Further, a penal section is inserted under section 23(3A) to provide sanctions to a person who fails to comply with an investigating officer. They shall be liable on conviction to a fine not exceeding one million shillings or imprisonment for a term not exceeding 3 years or both.

Land Registration Act, 2012

The definition of the word ‘instrument’ has been amended to include physical or electronic form.
Section 38 and 39, which provided that Land Rates Clearance Certificate and/or Land Rent Clearance Certificate are necessary documents for registration of a transfer, have been deleted. The onus falls upon a purchaser to ensure that the vendor of the property has paid all the land rates and land rent in respect of the property as the Land Registrar will not demand proof of payment of land rates and land rent in order to register a transfer in respect of a property.
The Act further abolishes the requirement to obtain any consent that may be required from the national government or county government in respect of leasehold properties. This will go a long way in reducing the time, cost and expenses incurred while obtaining the consents.
Section 44 has also been amended to provide that instruments can now be executed electronically by way of an advanced electronic signature, and this shall be deemed to be a validly executed document.

The Companies Act, 2015

The provisions under Section 35, 37,38, 42 and 43 which provided that a company seal is mandatory in carrying out the businesses of the Company have been deleted. This means that companies need not have a company seal to effect their transactions and businesses. This is a welcome amendment which reflects modern-day practice in developed jurisdictions.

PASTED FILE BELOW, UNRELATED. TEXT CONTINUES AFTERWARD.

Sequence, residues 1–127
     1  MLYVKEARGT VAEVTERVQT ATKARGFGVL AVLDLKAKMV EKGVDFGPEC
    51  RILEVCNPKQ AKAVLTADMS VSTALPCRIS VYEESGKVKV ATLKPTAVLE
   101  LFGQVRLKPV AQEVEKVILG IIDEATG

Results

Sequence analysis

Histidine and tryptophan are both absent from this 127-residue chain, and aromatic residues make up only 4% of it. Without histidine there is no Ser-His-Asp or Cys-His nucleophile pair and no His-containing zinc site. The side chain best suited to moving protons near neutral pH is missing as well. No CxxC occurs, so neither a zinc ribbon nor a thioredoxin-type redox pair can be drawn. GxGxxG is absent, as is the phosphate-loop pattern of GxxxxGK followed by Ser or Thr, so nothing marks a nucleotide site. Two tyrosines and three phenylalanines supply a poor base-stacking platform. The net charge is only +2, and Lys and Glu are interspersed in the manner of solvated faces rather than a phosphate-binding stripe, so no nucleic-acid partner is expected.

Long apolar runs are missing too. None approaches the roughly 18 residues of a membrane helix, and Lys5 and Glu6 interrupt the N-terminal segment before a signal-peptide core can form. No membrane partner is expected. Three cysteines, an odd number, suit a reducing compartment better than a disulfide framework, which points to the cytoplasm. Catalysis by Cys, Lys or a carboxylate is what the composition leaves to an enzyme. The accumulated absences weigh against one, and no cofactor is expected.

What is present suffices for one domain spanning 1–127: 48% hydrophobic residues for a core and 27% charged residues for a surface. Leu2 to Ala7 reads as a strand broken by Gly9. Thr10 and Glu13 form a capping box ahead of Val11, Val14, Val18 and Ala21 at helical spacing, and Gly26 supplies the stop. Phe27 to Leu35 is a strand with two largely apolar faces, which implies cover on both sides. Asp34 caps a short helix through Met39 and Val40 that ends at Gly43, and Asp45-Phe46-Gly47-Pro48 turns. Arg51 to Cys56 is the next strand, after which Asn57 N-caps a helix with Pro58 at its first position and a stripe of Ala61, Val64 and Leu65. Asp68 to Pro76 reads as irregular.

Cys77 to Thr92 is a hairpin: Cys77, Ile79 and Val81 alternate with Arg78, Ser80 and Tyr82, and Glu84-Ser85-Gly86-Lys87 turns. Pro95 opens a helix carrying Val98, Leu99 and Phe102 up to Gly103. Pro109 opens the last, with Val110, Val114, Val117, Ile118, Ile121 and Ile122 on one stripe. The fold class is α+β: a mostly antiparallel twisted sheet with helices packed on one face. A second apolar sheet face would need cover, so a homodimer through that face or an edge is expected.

A document, contract or deed will be considered to be validly executed by a company if it is signed on behalf of the company by two authorized signatories or by a director of the company in the presence of a witness who attests the signature.
Section 504 is amended to provide that a company with its bearer shares is in issue shall ensure that the share is converted into a registered share. Bearer shares are unregistered equity securities owned by the possessor of the physical share documents. Their use worldwide has reduced because they incur increased costs and are convenient instruments to secure funding for terrorism and other criminal activities. The Companies Act, 2015 prohibits the issuance of bearer shares.
This is notwithstanding what the company’s memorandum or articles of association provides. The company needs to notify the Registrar within 30 days of such conversion and the rights attached to the bearer share shall not be exercised until the bearer share is converted into a registered share.

The Insolvency Act, 2015

The Act has enhanced creditors protection as a creditor has a right to request information from an insolvency practitioner in respect to a company which is under administration. This information should be provided within 5 business days or such longer period as may be agreed upon between the creditors and insolvency practitioner.